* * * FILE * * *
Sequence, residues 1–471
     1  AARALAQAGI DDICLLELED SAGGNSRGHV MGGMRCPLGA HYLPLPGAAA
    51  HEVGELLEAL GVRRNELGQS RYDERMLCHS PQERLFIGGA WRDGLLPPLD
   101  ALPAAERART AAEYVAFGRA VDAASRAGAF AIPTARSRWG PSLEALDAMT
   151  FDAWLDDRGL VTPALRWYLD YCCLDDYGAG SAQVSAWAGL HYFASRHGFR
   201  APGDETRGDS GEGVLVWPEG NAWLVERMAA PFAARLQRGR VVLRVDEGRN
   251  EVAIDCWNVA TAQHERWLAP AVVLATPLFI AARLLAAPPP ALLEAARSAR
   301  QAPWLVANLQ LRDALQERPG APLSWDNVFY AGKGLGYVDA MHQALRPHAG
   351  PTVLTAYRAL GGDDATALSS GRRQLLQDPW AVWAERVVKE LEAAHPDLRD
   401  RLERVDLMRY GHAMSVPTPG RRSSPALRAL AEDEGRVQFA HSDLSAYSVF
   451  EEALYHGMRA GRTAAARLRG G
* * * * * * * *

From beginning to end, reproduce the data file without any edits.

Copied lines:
Sequence, residues 1–471
     1  AARALAQAGI DDICLLELED SAGGNSRGHV MGGMRCPLGA HYLPLPGAAA
    51  HEVGELLEAL GVRRNELGQS RYDERMLCHS PQERLFIGGA WRDGLLPPLD
   101  ALPAAERART AAEYVAFGRA VDAASRAGAF AIPTARSRWG PSLEALDAMT
   151  FDAWLDDRGL VTPALRWYLD YCCLDDYGAG SAQVSAWAGL HYFASRHGFR
   201  APGDETRGDS GEGVLVWPEG NAWLVERMAA PFAARLQRGR VVLRVDEGRN
   251  EVAIDCWNVA TAQHERWLAP AVVLATPLFI AARLLAAPPP ALLEAARSAR
   301  QAPWLVANLQ LRDALQERPG APLSWDNVFY AGKGLGYVDA MHQALRPHAG
   351  PTVLTAYRAL GGDDATALSS GRRQLLQDPW AVWAERVVKE LEAAHPDLRD
   401  RLERVDLMRY GHAMSVPTPG RRSSPALRAL AEDEGRVQFA HSDLSAYSVF
   451  EEALYHGMRA GRTAAARLRG G